How to Immigrate to Canada

Canada offers about 120 different immigration pathways for economic class candidates. Here are the most popular options.
Do you want to immigrate to Canada as a skilled worker?

In 1967, Canada introduced the world’s first ever objective points system to assess whether immigration candidates could successfully integrate into the Canadian labor market. This was done through the Federal Skilled Worker Program (FSWP) which continues to be one of Canada’s most prominent immigration pathways.
What has changed since 1967, however, is the number of additional Canadian immigration programs now available to skilled workers.
Canada is guided by its Immigration Levels Plan. It is seeking to welcome the highest levels of immigration in its history, over 400,000 new immigrants per year. About 60 per cent of these new immigrants will arrive to Canada under the economic class as skilled workers and business immigrants. About 25 per cent will arrive through family sponsorship, while the remaining 15 per cent will be welcomed as refugees.
Here is an overview of the most prominent options available to skilled workers.
Express Entry

Express Entry is the main way that Canada, , manages and welcomes skilled workers. IRCC is now aiming to welcome some 110,000 new immigrants through Express Entry each year.
The first step to immigrate to Canada through Express Entry is by ensuring you are eligible fewer than one of the three programs managed by Express Entry. The three programs are:
• Federal Skilled Worker Program (FSWP)
• Canadian Experience Class (CEC)
• Federal Skilled Trades Program (FSTP)
If you meet the criteria of one of these programs, you are eligible to create an Express Entry profile on IRCC’s website. IRCC will ask you to enter key information such as your age, relationship status, education, work experience, and English and/or French language skills.
Approximately every two weeks, IRCC holds Express Entry draws. It issues invitations to apply (ITA) for permanent residence to candidates with the highest CRS scores.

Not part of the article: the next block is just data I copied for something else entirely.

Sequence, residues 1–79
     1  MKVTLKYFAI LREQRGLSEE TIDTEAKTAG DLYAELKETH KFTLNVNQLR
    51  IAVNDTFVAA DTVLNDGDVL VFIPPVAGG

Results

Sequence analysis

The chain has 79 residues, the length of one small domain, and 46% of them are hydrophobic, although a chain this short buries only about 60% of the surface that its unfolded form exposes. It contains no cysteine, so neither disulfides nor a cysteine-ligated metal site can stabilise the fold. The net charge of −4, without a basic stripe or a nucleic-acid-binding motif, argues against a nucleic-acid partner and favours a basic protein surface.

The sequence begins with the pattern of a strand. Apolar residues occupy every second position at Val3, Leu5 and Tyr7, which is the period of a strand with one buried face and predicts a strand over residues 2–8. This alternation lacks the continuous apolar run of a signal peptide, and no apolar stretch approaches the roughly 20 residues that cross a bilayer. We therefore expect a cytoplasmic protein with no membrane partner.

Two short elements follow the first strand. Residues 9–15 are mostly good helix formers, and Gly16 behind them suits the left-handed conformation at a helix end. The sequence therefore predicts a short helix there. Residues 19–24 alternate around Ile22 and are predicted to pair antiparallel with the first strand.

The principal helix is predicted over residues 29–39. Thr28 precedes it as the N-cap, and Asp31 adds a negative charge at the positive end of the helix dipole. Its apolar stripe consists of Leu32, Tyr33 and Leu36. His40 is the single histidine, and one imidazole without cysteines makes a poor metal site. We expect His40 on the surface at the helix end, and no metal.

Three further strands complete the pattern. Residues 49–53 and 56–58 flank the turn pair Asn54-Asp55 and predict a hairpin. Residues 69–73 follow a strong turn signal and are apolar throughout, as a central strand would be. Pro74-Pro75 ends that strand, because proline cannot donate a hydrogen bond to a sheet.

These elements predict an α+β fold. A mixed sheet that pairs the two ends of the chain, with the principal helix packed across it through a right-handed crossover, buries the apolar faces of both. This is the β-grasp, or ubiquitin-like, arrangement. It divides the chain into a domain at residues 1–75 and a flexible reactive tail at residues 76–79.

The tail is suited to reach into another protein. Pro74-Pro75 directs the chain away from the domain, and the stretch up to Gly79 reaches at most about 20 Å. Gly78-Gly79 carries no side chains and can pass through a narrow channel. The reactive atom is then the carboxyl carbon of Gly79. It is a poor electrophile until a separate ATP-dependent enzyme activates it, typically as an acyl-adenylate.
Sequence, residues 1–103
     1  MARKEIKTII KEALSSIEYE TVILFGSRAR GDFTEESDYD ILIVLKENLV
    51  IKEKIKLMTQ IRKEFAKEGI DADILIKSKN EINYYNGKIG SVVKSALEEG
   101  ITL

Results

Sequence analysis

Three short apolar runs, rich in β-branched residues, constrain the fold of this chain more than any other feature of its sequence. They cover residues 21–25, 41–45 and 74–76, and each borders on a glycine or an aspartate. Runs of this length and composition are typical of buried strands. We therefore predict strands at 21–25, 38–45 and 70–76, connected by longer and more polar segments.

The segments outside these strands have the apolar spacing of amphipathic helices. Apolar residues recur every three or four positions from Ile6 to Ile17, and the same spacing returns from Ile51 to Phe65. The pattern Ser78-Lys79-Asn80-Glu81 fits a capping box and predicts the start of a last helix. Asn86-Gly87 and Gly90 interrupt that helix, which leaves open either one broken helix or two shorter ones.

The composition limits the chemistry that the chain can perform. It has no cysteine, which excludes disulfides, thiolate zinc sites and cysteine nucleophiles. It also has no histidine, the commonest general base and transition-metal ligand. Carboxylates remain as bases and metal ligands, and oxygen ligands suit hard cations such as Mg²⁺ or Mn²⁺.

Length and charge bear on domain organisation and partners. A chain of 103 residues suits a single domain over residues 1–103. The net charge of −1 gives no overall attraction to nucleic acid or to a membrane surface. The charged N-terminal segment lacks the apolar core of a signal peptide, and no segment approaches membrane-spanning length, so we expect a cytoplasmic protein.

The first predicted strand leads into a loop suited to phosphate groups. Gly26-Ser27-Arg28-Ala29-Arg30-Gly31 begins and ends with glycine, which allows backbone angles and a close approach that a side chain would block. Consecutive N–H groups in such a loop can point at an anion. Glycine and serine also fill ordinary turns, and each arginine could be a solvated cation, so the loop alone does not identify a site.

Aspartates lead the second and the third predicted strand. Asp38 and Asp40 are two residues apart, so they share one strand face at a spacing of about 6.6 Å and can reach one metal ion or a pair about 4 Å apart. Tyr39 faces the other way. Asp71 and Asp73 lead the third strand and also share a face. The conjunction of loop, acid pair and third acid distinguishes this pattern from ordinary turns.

Applicants who have not lived in Canada before, chances are the FSWP will be the best way for you to become eligible for Express Entry. You are encouraged to enter the Express Entry pool once you confirm your eligibility to give yourself a chance to secure an ITA. Being in the Express Entry pool also gives you a chance to gain additional CRS points by securing a provincial nomination (600 extra CRS points) or a valid job offer (50 or 200 extra CRS points).
Provincial Nominee Program (PNP)

Nearly every province and territory operates their own Provincial Nominee Program (PNP). This means they nominate skilled worker candidates that meet their local labour market needs. Canada welcomes over 80,000 immigrants each year through the PNP.
Many provinces also operate PNP streams that align with Express Entry. If the applicant is eligible for both Express Entry and a PNP stream, a province can issue a provincial nomination invitation while the applicant is in the Express Entry pool which automatically adds 600 additional point to the total accumulated points in the applicant 's profile which virtually guarantees an Express Entry ITA.


The third most popular way to immigrate to Canada as a skilled worker is by applying directly to the province of Quebec. Quebec has special status in Canada as the country’s only Francophone province. As such it operates its own immigration system and now seeks to welcome over 25,000 economic class immigrants each year. If Quebec approves your application, it issues you a Quebec Acceptance Selection Certificate. You then use the certificate to support the permanent residence application that you submit to IRCC.
Other Federal Programs

In recent years, IRCC has expanded the number of skilled worker programs that it operates to address regional and occupational needs.
If you wish to immigrate to an Atlantic province (Newfoundland and Labrador, Prince Edward Island, New Brunswick or Nova Scotia), you may wish to consider the Atlantic Immigration Pilot. IRCC looks to welcome over 6,000 immigrants per year through the AIP.
As another example, IRCC operates the Agri-Food Immigration Pilot which accepts up to 2,750 applications per year. The pilot exists to find skilled workers who can help meet the labor market needs of Canada’s multi-billion dollar agriculture and agri-food industry.
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